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FCA to scale back ‘naming and shaming’ plan amid backlash

Lawyers say plan remains too problematic

FILE PHOTO: FCA signage at their head offices in London, March 10, 2022. REUTERS/Toby Melville

By: Pramod Thomas

THE Financial Conduct Authority (FCA) is expected to scale back its plans to publicly name companies under investigation, following criticism from four lawyers who said that a government and industry backlash has labelled the proposals as misjudged and harmful to London’s competitive standing.

The anticipated decision by the markets regulator aims to address concerns over the controversial plans, which critics argue could cause undue and lasting harm to companies and the finance industry, a sector contributing over 10 per cent of UK tax revenues.

The FCA in February published proposals to publicly name some companies when investigations are opened in an effort to deter wrongdoing and encourage whistleblowing and transparency. But they met with unprecedented calls from trade bodies, lawyers and the Treasury to rethink or ditch the plans.

Legal sources, who declined to be named, say the FCA’s co-head of enforcement, Therese Chambers, started rowing back almost immediately during a charm offensive with corporate clients at their law firms’ offices around March.

Fielding “challenging questions”, she made concessions to February’s consultation paper that included a longer notice period than the proposed one day – or no notice at all – before an investigation is announced, one source said. However, without a route to appeal, that is unlikely to be enough, lawyers said.

Chambers was also open to taking account of firms’ interests when applying a proposed, looser “public interest test” to naming corporate suspects. At present, companies under investigation are named only in “exceptional” circumstances.

“We all saw those as immediate concessions,” the source said.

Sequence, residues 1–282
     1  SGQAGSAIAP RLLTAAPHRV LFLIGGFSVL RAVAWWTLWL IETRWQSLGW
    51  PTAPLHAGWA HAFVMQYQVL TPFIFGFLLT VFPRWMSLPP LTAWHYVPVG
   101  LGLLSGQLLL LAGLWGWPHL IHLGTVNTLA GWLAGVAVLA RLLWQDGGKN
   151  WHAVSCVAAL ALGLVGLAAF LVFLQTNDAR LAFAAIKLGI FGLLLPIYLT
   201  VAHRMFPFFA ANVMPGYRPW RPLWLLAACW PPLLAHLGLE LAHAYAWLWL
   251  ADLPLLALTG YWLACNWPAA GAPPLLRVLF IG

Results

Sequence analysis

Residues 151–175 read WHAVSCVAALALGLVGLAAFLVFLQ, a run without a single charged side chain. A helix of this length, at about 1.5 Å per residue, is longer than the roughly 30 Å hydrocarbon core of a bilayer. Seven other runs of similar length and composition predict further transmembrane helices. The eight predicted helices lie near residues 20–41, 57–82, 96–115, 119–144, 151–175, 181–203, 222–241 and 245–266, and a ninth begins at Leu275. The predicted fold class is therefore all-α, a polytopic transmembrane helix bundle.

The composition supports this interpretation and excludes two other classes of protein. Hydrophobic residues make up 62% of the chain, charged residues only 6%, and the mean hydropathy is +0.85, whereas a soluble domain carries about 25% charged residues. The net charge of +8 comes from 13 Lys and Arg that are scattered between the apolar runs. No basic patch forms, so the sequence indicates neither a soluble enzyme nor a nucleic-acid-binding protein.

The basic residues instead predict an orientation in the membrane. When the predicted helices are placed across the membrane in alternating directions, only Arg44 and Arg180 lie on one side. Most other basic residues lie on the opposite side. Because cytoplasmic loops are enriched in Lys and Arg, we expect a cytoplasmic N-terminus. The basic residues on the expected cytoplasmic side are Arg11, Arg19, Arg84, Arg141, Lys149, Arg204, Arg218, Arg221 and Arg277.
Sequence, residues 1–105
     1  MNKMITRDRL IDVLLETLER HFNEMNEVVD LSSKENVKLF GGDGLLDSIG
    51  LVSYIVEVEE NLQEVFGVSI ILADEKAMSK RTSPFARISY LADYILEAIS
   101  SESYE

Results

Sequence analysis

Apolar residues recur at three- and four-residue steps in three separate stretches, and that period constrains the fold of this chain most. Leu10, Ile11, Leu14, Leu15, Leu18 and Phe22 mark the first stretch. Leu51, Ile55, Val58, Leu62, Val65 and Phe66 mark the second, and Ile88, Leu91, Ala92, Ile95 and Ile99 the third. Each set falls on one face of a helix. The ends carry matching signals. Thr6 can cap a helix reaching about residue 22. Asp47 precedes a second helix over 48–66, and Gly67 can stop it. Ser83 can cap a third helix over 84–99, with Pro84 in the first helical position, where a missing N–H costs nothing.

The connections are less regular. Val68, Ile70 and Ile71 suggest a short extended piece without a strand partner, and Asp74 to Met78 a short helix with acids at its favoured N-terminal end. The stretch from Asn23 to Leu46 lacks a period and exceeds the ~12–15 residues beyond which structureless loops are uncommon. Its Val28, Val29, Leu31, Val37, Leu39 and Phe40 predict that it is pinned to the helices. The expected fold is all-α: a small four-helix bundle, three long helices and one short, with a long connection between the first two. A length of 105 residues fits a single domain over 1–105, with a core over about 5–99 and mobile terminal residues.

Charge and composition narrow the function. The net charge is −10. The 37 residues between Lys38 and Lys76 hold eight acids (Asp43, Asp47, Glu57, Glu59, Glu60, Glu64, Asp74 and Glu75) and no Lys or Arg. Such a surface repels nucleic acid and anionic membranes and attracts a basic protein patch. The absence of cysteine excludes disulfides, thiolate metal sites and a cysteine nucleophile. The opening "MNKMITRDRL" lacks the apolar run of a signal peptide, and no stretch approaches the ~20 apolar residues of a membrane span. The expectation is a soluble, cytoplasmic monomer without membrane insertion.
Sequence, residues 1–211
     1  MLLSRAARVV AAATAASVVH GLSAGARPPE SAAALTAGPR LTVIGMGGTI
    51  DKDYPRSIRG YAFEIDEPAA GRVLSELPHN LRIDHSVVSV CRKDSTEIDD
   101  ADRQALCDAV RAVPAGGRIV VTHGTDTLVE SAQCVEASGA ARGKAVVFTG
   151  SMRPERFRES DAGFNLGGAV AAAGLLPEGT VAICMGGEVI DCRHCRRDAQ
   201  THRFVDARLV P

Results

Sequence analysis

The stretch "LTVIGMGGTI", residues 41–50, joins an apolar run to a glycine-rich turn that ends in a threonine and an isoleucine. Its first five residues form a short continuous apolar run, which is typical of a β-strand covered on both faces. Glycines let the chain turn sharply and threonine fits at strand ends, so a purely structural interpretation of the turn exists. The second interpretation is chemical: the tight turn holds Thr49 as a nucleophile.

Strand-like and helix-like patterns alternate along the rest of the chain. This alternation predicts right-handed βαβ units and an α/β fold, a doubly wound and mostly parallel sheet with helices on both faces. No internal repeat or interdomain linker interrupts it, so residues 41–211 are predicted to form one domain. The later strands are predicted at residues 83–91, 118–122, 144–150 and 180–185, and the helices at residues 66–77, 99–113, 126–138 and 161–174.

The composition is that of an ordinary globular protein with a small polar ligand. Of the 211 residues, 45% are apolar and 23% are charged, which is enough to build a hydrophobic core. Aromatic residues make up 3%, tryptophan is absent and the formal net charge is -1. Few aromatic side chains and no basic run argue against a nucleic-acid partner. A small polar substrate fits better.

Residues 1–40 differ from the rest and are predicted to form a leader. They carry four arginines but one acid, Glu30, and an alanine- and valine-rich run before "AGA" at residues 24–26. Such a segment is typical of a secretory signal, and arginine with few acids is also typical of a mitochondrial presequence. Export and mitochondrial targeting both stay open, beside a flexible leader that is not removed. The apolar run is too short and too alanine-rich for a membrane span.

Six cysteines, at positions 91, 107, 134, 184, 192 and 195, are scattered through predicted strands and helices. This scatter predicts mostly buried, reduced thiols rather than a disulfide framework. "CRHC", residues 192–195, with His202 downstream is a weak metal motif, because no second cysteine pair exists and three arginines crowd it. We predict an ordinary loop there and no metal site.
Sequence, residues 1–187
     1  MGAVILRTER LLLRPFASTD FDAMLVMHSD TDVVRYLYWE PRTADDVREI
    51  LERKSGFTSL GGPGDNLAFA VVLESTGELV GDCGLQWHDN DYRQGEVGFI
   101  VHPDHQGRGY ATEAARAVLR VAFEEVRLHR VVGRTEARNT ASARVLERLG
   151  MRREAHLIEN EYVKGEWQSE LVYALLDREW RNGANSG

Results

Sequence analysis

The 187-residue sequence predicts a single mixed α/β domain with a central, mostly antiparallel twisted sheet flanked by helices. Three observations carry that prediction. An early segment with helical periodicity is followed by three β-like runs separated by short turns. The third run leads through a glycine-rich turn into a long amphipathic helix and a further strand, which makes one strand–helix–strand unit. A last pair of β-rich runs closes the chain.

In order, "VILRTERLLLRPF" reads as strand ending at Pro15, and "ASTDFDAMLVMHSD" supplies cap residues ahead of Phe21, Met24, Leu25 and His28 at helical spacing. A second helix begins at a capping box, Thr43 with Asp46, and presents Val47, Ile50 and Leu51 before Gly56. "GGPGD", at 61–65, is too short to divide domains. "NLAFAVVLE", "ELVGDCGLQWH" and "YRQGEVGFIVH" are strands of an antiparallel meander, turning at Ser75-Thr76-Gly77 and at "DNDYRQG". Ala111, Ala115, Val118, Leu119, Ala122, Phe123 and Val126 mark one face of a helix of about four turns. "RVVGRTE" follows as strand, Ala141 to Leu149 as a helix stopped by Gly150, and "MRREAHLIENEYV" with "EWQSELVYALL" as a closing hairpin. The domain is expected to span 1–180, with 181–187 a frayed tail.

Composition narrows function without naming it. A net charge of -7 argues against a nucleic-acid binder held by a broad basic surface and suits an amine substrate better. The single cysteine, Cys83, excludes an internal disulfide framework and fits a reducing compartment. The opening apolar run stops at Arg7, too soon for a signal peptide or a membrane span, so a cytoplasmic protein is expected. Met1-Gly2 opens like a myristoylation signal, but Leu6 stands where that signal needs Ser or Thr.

Since unveiling the proposal, the FCA has said its plans remain subject to discussions, but details on how it rowed back during industry meetings have not previously been reported.

“We have listened carefully and we’re considering all the feedback that we’ve received as we decide on next steps,” an FCA spokesperson said when asked about Chambers’ meetings.

Bank of England governor Andrew Bailey, a former FCA CEO, is one of the few high-profile officials to back the plans. He said last month that a lengthy probe into unsuitable pension advice for former steelworkers demonstrated how consumers could be harmed if they were unaware of a regulatory inquiry.

And when asked by lawmakers why the FCA cannot use existing rules to name companies in exceptional circumstances, FCA CEO Nikhil Rathi said investment fraud was “sadly … not exceptional”.

However, Chambers and her joint enforcement head Steve Smart told lawmakers in a public letter last month that there might be value in potential alternatives, such as publishing anonymised new investigations in the FCA’s “enforcement watch” newsletter.

Rathi told a parliamentary hearing in May that the regulator would take “several months” to consider feedback before publishing a final policy.

Some lawyers say the FCA’s aims are laudable, but that the original proposals allow the regulator too broad a discretion when publishing details of investigations – and offer scant due process.

Finance minister Jeremy Hunt, trade bodies and some lawyers say that investment in London is at risk if companies are publicly shamed before evidence is gathered, when 65 per cent of FCA investigations end without action.

“Our clients are unanimously opposed to these proposals,” said Thomas Donegan, a partner at law firm A&O Shearman, who did not meet with the FCA.

He said many investigations involve isolated incidents that put neither consumers nor investors at risk. “There is no public interest in disclosing run-of-the-mill investigations like these until they have run their course,” he added.

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Laura Bridgewater, a partner at law firm Macfarlanes, said even watered-down proposals deserved a fresh consultation and a cost-benefit analysis.

The row tests the mettle of a relatively new FCA leadership team, which is being accused of sidelining a mandatory remit to boost London’s global financial competitiveness as it squares off against rivals, such as New York, Amsterdam, Paris and Frankfurt to attract new stock market listings.

“The deterrence effect of this proposal is not evidence-based and risks diminishing the UK’s attractiveness as a leading international financial centre,” said Miles Celic, CEO of TheCityUK, which promotes the UK financial sector globally.


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